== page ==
Ancestral genetic diversity associated with the rapid spread of stress-tolerant coral symbionts in response to Holocene climate change
AuthorsHume, Benjamin C. C.
Voolstra, Christian R.
Burt, John A.
KAUST DepartmentBiological and Environmental Sciences and Engineering (BESE) Division
Environmental Science and Engineering Program
Marine Science Program
Red Sea Research Center (RSRC)
Permanent link to this recordhttp://hdl.handle.net/10754/621450
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AbstractCoral communities in the Persian/Arabian Gulf (PAG) withstand unusually high salinity levels and regular summer temperature maxima of up to ∼35 °C that kill conspecifics elsewhere. Due to the recent formation of the PAG and its subsequent shift to a hot climate, these corals have had only <6, 000 y to adapt to these extreme conditions and can therefore inform on how coral reefs may respond to global warming. One key to coral survival in the world's warmest reefs are symbioses with a newly discovered alga, Symbiodinium thermophilum. Currently, it is unknown whether this symbiont originated elsewhere or emerged from unexpectedly fast evolution catalyzed by the extreme environment. Analyzing genetic diversity of symbiotic algae across >5, 000 km of the PAG, the Gulf of Oman, and the Red Sea coastline, we show that S. thermophilum is a member of a highly diverse, ancient group of symbionts cryptically distributed outside the PAG. We argue that the adjustment to temperature extremes by PAG corals was facilitated by the positive selection of preadapted symbionts. Our findings suggest that maintaining the largest possible pool of potentially stress-tolerant genotypes by protecting existing biodiversity is crucial to promote rapid adaptation to present-day climate change, not only for coral reefs, but for ecosystems in general.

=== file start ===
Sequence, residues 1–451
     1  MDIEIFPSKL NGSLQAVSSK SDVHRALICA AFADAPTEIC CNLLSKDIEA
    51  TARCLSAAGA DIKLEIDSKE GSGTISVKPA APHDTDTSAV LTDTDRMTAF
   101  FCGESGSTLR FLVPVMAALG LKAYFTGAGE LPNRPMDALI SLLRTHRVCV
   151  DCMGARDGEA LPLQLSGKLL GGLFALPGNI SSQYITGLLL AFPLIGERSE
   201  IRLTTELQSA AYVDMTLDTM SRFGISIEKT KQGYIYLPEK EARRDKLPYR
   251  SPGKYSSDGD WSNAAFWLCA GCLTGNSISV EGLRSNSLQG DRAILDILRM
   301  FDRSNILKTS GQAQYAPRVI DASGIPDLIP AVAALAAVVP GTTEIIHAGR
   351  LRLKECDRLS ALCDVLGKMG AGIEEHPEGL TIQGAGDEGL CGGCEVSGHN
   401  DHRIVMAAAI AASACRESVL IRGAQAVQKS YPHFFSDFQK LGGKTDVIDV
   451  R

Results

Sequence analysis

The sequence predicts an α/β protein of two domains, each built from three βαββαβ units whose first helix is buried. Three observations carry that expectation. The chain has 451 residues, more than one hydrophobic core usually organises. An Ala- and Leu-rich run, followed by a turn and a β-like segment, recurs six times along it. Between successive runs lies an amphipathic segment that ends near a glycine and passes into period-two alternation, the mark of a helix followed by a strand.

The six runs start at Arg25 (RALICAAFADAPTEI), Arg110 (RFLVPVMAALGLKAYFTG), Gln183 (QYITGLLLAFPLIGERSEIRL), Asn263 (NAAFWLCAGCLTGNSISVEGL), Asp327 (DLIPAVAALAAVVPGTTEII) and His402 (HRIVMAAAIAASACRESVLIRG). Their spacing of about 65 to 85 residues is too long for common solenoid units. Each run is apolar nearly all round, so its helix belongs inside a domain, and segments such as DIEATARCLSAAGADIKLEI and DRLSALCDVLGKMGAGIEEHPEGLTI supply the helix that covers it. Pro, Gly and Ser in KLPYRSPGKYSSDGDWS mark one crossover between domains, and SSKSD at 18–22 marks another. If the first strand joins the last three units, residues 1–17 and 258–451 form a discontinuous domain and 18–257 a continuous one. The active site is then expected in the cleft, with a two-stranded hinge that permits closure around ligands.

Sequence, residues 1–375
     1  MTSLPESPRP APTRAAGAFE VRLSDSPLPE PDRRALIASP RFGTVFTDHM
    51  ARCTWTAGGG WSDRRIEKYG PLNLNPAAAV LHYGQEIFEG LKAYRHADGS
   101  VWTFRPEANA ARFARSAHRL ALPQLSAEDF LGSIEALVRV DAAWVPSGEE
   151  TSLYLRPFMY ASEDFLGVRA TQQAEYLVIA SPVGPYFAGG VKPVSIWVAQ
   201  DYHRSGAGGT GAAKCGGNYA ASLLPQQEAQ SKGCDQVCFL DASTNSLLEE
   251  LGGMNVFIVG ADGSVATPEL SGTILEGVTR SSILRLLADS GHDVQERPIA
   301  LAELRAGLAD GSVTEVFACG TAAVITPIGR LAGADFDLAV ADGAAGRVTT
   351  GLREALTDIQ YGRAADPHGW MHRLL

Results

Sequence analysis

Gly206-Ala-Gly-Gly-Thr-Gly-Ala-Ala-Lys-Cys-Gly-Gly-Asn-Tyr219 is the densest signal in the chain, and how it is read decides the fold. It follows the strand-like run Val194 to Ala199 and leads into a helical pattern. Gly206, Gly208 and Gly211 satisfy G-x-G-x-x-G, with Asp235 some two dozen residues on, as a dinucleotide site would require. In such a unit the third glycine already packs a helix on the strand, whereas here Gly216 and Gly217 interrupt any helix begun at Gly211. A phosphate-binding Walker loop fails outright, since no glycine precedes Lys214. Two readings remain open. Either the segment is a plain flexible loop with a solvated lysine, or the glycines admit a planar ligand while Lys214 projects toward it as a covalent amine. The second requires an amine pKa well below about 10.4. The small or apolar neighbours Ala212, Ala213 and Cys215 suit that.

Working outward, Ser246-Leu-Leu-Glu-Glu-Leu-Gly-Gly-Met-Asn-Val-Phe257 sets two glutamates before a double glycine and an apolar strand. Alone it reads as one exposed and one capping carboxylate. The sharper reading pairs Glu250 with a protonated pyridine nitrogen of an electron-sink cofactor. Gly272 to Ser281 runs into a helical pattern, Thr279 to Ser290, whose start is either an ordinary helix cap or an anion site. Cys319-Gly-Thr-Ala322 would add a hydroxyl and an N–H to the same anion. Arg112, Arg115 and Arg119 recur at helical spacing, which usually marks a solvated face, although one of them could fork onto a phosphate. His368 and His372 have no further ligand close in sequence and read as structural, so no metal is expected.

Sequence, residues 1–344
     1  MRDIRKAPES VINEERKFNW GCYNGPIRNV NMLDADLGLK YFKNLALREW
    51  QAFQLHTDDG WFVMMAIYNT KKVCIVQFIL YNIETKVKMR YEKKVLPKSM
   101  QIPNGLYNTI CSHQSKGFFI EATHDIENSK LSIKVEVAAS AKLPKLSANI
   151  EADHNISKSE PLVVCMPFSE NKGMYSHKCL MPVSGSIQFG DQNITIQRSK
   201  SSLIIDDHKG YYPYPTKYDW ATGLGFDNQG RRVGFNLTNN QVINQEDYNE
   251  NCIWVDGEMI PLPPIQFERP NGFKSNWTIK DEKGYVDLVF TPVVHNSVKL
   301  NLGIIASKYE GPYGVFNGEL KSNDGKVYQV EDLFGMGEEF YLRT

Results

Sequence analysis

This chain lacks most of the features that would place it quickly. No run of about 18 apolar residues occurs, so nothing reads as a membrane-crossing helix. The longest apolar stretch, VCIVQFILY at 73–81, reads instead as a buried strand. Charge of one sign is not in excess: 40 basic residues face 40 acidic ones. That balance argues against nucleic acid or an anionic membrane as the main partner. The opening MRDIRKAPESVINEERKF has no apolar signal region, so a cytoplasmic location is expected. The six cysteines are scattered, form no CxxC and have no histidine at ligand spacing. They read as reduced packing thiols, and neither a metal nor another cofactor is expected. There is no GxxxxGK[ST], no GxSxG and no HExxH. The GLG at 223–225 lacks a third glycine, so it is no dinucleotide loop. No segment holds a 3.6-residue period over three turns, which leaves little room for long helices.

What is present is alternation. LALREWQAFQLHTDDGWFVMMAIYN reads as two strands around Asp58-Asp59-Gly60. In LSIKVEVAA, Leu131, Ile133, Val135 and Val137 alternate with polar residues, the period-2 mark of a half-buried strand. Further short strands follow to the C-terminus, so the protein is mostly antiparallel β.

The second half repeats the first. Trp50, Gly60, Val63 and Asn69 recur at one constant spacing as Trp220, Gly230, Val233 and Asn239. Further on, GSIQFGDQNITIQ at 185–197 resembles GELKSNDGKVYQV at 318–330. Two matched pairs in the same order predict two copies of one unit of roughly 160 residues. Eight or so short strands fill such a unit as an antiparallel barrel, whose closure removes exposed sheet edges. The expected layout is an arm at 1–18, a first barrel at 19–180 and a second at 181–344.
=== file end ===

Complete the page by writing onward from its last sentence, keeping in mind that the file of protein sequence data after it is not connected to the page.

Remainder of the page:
CitationHume BCC, Voolstra CR, Arif C, D’Angelo C, Burt JA, et al. (2016) Ancestral genetic diversity associated with the rapid spread of stress-tolerant coral symbionts in response to Holocene climate change. Proc Natl Acad Sci USA 113: 4416–4421. Available: http://dx.doi.org/10.1073/pnas.1601910113.
SponsorsWe appreciate the help of Cornelia Roder, Sergey Dobretsov, Julia Schnetzer, Todd LaJeunesse, and Drew Wham with sample collection. A. Al-Hemeri (UAE Federal Environment Agency), A. Al-Cibahy (Environment Agency of Abu Dhabi), and the Oman Ministry of Environment & Climate Affairs kindly provided Convention on International Trade in Endangered Species of Wild Fauna and Flora (CITES) export permits (no. 09FEA555) and collection permits. We acknowledge Tropical Marine Centre (London) and Tropic Marin (Wartenberg) for sponsoring the Coral Reef Laboratory at the University of Southampton. We thank the NYU Abu Dhabi Institute for supporting the 2012/2013 field workshops during which samples for this study were collected and the Interuniversity Institute for Marine Sciences in Eilat for field work support. The study was funded by Natural Environment Research Council Grant NE/K00641X/1 (to J.W.), the European Research Council under the European Union's Seventh Framework Programme Grant FP7/2007-2013/ERC Grant Agreement 311179 (to J.W.), the King Abdullah University of Science and Technology (C.R.V.), and Israel Science Foundation Grant 341/12, United States Agency for International Development/Middle East Regional Co-operation (USAID/MERC) No. M32-037 (to Y.L.).
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- Issue date: 2017
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